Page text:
I’ve kicked it, and today I am clean, I remain an addict forever in recovery.  

Note well, this understanding that you are

  • only clean today
  • and remain an addict forever in recovery

is essential, a non-negotiable – you must understand and accept this.

The problem with Carr, I found, was that I quickly saw through his method, my fault not his: it was entirely not dissimilar to the classical coaching that I have been working with, no different to the high performance ideas of really understanding what is going on and where you are in the world. A deconstruction, and examination of the issue at hand,  and a gradual reconstruction and repetition of a new narrative, a rebuilding of confidence, and self-belief, a process that encourages and supports a shift in behaviour.  The problem for me with this book was that having seen through it I deconstructed it instead of believing in it, and then I put the book down…, try it if you have not, believe it.

So here is the bit of the truth, which I could illustrate by telling you a long a long and complicated story about my mother passing away, changing my job, running out of money, wanting to chuck myself off a roof while on holiday... I won't.

Look, any addict, when they finally make the decision to stop or die before that, will reach a point where they sincerely want to stop, they do want it.

I wanted to stop a long time ago, plenty of addicts want to stop, plenty of addicts go and get their fix then cry on the way home or maybe even while they take it, or even during the hit itself, ashamed that they don’t have the ‘strength’ to stop what they wish to stop.

Any one addicted to anything will tell you it’s not enough to simply ‘want it bad enough', if you don’t have the equipment, tools, or techniques to get through the getting off of it... if the pain of using is less than the pain of not.

Through the experience of coaching I realised that I had some tools at my disposal that could help take of control of my addiction, to at least not be victim to it anymore and to help me on the way

Experience ‘The Pain’

Here’s a suggestion – even if you’re not planning on giving up right now, even if you’re not an addict but are reading this out of curiosity, or to see what a loved one might go through.. the next time you want, I mean really want, want, want something, just deny yourself that little bit longer – that feeling you get, that yearning, that feeling of going without, of being a teenager in love and it not being returned maybe, that is The Pain I’m talking about… it can be very real, so very real, it depends what you are going without of course, an addict knows that feeling intimately, particularly in withdrawal, and from some things that withdrawal can be very real, very painful, dangerous even, with smoking and dope that sense of loss and being without, that deep yearning is very real and intense,  that is The Pain… experience it a few times before you try to stop for real...  prepare yourself for regularly experiencing it again, maybe forever...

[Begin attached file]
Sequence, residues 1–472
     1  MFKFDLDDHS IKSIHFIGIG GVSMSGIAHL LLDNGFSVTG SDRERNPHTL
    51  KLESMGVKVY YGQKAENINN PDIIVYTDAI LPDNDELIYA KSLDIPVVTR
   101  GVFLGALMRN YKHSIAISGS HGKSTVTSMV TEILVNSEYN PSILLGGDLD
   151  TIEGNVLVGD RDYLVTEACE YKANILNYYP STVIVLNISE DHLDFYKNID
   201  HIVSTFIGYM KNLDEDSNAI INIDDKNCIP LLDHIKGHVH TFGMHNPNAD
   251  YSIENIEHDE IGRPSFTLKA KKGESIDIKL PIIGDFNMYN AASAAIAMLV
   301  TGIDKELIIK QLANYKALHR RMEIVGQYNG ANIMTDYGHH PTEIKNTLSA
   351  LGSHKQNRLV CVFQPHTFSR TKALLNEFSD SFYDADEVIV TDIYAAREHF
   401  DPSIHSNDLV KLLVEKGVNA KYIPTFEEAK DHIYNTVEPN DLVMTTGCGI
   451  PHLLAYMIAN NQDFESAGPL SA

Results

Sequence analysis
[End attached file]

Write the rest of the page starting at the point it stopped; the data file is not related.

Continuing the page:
You must accept you are an addict.

Here and now as I write about The Pain I am experiencing it myself…  as I think about cigarettes and tobacco an emptiness hits my stomach, a fuzz to my brain, if I think of marijuana I begin to salivate, if I think of cocaine I can almost taste and feel it at the back of my throat – my head aches from a faux-withdrawal experience… at least once in the last eight weeks I have had to sit down as I have felt totally stoned, almost to the point of thinking I might whitey...

Do you feel it too?, perhaps by simply reading this, perhaps because you have chosen to deny yourself for just a short while…

Like I said, addiction is not gone, you are clean only in this moment, you are forever in recovery – don’t worry, I can detach again from this space – but writing about it as I am takes me back there, so it is difficult – if I take a break, indeed when I’ve finished writing this piece I will go for a walk, clear my head – use the techniques I am writing about and I will be fine again.

Mindfulness and A New Story

Now, when I feel The Pain, I am telling myself A New Story, the message in the sensation of The Pain has changed for me.

No longer is The Pain a signal to me that I need my fix, no longer do I say to myself ‘this will be gone if I have a smoke’, I don’t say to myself ‘I need a smoke’, now I send myself a simply reminder

  • ‘this is the sensation of recovery’
  • ‘this is how getting better feels’